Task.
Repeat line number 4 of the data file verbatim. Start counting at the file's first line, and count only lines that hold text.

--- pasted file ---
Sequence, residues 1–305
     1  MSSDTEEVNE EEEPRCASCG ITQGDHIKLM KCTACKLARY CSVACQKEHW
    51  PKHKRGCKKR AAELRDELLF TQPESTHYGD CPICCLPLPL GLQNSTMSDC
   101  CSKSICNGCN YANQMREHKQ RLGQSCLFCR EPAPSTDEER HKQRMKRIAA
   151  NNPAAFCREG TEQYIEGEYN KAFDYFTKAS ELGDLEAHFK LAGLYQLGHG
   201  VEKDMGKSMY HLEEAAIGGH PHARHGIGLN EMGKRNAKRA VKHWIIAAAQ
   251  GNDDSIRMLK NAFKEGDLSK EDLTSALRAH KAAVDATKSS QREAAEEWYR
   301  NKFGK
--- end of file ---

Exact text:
   101  CSKSICNGCN YANQMREHKQ RLGQSCLFCR EPAPSTDEER HKQRMKRIAA